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Unable to genotype or phenotype
Jul 4, 2005

I have been positve for 13 years with almost no complications and have usually been undetectable or close to it after starting meds 7 years ago. Recently my viral load has climbed into the into the 1500 range. My doctor has had two genotypes run and a phenotype from two different labs and each time they are unable to determine the mutation. My doctor is recommending switching from Viramune/Viread/Trizivir to Sustiva/Videx/Truvada. I had been on this regimen for almost the entire time with the exception of Viread which was added recently when my viral load started to climb. I am concerned that about not having a clear indication as to which direction to move towards. How common is it not to be able obtain the results on these types of test? What are the implications of moving to the new meds in regard to further resistance. I guess after all this time of having good years, I am concerned about the change. Thanks for your help.

Response from Dr. Sherer

Although clinician's are advised that genotypes may be difficult to obtain at viral loads below 1,000 with standard assays, the ability to obtain a genotype sequence is not only determined by the amount of circulating RNA in the blood. Other factors can include other genetic material in the blood that might mimic HIV RNA and confuse the assay, the sensitivity of the assay itself, the integrity of the reagents used to amplify the RNA particles, intereference in the assay caused by high triglycerides or bilirubin, and other factors. Inability to sequence a virus when the viral load exceeds 1,000 occurs often enough, as often as 10-20% of the time.

You and your physician are faced with the difficult options of waiting while you take your current regimen until a genotype can be obtained, i.e. with yet another (third) attempt, or making your best judgment about possible alternative regimens without the information from a genotype and making a switch. You didn't note the amount of time that has passed since you developed viremia of 1,500 copies/ml and started trying to get a genotype; it is likely to be 2 months or more.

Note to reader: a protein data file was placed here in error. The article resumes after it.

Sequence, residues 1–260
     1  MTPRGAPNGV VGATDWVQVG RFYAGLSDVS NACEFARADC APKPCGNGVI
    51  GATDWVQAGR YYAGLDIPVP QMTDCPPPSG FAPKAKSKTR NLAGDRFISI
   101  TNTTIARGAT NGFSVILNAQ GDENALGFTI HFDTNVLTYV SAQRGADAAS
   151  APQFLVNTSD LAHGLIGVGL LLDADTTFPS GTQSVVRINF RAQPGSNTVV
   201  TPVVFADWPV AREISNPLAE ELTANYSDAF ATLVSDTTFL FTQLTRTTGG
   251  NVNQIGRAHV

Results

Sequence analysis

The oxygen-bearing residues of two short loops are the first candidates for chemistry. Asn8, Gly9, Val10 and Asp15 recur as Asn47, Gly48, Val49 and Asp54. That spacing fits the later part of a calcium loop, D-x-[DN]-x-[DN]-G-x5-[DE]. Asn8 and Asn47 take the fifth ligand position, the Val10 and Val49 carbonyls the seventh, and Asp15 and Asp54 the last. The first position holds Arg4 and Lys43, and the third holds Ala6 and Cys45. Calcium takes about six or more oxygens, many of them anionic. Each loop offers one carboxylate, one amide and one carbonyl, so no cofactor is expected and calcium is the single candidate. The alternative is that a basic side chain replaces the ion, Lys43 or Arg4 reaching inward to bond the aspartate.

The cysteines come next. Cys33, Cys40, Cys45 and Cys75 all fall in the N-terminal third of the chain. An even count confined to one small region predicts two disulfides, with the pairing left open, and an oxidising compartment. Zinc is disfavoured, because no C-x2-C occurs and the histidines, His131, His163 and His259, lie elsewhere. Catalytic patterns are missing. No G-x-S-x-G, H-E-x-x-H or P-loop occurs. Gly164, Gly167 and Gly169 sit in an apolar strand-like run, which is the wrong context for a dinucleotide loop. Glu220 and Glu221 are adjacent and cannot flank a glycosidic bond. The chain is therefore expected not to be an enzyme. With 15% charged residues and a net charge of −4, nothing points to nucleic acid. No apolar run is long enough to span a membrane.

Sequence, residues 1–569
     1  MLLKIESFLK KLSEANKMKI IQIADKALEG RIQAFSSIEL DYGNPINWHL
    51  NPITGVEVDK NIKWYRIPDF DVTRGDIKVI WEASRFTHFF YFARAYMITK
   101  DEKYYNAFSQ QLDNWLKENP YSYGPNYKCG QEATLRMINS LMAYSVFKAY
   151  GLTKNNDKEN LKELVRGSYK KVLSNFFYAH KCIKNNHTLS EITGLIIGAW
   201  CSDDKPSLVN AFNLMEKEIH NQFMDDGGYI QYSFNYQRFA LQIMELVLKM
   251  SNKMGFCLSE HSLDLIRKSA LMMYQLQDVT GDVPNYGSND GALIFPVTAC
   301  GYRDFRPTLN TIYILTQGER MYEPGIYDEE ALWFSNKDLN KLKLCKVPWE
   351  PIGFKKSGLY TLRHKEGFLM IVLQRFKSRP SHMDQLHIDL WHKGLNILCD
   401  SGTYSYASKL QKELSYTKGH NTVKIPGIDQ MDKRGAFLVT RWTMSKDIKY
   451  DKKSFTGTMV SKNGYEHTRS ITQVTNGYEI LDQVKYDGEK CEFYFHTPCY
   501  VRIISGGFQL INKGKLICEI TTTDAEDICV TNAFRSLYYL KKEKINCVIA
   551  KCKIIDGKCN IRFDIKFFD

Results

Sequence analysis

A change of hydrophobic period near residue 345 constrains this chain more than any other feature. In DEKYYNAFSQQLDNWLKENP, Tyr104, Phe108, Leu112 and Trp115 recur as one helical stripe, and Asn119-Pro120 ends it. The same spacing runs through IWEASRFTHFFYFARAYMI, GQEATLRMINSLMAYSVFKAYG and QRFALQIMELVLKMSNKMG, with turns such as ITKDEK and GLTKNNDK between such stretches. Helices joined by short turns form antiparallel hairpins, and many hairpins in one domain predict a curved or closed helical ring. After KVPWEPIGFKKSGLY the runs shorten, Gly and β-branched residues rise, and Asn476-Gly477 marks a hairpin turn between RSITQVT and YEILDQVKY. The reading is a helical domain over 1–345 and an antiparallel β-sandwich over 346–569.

It would be useful to know the duration of time since the first viral load over 1,000, and the number of tests at that level or higher, in making this judgment. Also, you have not noted your adherence to ART, though your past good performance suggests that it has been very good. We know that even patients with perfect adherence for many years can suffer from 'pill fatigue' and lapse into less than perfect adherence. I would want to review your recent adherence at a minimum before making a switch to new one.

The risk of continuing on your current regimen while viremic is the development of additional mutations, particularly to the NRTI class and to Viramune (nevirapine). The risk of switching without this information is that the second line regimen may include drugs to which you are fully or partially resistant, which would also promote new resistance mutations.

Finally, the second line regimen that has been proposed - Sustiva (efavirenz) + Videx (didanosine) + Truvada (emtricitabine or FTC + Viread or tenofovir) contains only one drug with a somewhat different NRTI resistance profile, i.e. didanosine.

Without all of the needed information, I can't help you any more than offering the above considerations. On the basis of what you have said, I lean towards obtaining a third genotype while you remain on your current regimen. More important that this opinion would be to review all of these thoughts with your doctor, and make your plans for the next steps with him or her.


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